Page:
Since I was in Ukraine in February incredibly much happened. I witnessed the revolution. When I was back home, everything changed quickly. Russia annexed Crimea, Russian fighters are terrorizing the east of the country now. Ukrainians elected a new President. Now I’m back for a short trip of four days. My first impression: In Lviv, people desire nothing more than a piece of normality. And they celebrate this normality.
At the reception of Hotel George where I always stay when I’m here, I am welcomed by a new face – Tatyana. I wonder if the crisis affects the business of the hotel. When she started her job, it was difficult, Tatyana says. But now it’s summer and business developes. On weekends, the George is fully booked. A first walk through city convinces me that she’s right. The streets are crowded of Sunday dressed locals and visitors. They leisurely stroll through the streets, listen to the street musicians. At the market square they even dance.
At Svoboda Boulevard, where once the big stage of the local Maidan was, there is no reminiscent of the revolution any more. Just a few dealers are left, who sell Ukrainian and European flags. There are also some new items: toilet paper with the portraites of former Ukrainian president Yanukovych and Russian president Putin. Yanukovych as a toilet paper roll, Putin one can buy in Soviet style as single sheets. A chocolate factory came up with another funny item. There you can buy the Russian president as a chocolate sculpture–with a bomb, he keeps hidden behind his back.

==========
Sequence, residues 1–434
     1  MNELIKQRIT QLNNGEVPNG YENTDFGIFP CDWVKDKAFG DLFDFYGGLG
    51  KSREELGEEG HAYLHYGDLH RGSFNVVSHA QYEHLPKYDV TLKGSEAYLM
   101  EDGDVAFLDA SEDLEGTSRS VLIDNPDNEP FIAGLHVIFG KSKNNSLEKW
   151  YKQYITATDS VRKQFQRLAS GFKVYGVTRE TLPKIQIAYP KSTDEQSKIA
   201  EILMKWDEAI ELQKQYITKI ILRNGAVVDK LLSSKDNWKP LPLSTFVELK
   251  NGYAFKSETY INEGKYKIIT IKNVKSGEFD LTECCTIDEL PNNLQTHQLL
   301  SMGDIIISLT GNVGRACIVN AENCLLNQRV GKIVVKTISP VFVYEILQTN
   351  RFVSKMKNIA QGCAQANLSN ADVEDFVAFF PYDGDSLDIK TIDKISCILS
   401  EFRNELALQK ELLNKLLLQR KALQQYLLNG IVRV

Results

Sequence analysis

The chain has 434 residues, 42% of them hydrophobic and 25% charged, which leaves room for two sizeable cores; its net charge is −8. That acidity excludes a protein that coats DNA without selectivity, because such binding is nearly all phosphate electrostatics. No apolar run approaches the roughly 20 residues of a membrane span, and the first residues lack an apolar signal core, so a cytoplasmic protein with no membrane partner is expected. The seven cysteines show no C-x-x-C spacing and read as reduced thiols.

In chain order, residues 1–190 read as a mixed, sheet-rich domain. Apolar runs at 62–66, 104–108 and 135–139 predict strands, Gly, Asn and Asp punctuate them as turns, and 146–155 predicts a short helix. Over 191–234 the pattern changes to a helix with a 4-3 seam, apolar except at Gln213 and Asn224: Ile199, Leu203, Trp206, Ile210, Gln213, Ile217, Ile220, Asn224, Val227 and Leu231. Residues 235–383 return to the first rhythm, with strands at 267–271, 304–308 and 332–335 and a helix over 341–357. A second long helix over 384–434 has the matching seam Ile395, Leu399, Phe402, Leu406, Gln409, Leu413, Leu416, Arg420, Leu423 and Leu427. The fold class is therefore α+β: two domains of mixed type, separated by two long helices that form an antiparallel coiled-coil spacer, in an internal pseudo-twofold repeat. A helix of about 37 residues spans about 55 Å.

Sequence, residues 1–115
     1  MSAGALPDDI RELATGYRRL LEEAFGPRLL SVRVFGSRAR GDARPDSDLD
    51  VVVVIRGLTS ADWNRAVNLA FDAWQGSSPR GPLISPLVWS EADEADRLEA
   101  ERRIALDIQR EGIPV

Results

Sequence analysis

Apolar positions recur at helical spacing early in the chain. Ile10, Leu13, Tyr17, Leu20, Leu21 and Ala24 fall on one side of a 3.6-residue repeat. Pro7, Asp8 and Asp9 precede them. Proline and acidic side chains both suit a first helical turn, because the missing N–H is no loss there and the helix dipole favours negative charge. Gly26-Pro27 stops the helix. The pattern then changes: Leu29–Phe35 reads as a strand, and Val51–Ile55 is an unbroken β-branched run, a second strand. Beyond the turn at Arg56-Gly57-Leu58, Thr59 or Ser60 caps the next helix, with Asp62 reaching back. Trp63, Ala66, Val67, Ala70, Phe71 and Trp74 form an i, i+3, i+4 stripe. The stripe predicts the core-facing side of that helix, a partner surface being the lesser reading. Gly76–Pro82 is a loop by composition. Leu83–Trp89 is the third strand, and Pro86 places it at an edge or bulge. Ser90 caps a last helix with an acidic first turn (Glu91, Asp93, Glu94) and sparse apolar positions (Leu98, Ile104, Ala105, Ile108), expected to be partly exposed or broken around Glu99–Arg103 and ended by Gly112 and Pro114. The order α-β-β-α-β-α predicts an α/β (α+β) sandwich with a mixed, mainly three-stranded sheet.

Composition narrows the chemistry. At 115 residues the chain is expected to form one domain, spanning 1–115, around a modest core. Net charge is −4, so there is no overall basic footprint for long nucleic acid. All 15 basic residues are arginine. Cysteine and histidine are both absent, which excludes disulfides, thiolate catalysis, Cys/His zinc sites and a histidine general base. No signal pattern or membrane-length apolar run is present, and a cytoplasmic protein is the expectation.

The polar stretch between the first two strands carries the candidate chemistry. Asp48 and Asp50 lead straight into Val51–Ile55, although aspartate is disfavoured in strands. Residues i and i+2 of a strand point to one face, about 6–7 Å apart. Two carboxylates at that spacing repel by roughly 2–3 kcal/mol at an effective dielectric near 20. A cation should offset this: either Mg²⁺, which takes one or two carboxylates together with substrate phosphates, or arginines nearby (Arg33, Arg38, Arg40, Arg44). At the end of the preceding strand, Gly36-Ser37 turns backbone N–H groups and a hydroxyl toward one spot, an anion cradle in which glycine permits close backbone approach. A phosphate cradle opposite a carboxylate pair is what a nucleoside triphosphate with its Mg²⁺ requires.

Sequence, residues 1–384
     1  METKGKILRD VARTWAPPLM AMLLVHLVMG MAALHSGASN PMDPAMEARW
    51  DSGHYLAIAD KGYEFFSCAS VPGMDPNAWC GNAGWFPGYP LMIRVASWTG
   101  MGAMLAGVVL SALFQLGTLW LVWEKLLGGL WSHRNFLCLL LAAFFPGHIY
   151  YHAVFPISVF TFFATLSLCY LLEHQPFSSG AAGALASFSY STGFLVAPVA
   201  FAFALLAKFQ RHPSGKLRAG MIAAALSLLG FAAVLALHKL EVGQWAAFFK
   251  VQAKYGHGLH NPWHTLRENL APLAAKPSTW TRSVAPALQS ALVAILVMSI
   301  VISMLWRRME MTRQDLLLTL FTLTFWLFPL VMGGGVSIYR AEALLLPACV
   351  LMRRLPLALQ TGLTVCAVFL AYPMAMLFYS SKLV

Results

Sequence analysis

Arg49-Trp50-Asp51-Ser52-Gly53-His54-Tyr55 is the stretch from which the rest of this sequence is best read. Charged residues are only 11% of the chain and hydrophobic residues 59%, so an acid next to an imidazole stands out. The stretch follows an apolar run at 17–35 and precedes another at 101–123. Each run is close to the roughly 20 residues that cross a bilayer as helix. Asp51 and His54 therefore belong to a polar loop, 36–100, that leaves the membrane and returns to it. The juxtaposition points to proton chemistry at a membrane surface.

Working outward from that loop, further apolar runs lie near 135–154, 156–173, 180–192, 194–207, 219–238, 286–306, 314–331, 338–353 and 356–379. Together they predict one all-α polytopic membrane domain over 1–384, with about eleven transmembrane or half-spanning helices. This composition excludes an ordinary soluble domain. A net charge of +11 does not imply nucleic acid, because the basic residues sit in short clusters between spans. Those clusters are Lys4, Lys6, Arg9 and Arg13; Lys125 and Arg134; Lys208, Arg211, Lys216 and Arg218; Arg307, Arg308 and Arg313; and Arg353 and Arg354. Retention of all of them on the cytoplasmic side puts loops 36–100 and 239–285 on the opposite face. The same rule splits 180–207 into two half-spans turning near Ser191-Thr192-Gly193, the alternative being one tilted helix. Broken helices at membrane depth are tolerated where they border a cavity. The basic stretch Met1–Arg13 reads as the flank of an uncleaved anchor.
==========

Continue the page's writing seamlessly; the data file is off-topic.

On the t-shirt of a young man I read “Ukraine–fuck corruption”. Many of the country’s problems remain unresolved, but people do not want to think about it today. The sky is bright blue, it’s weekend, street musicians are playing, one can dance. The city is beautiful. I feel at home.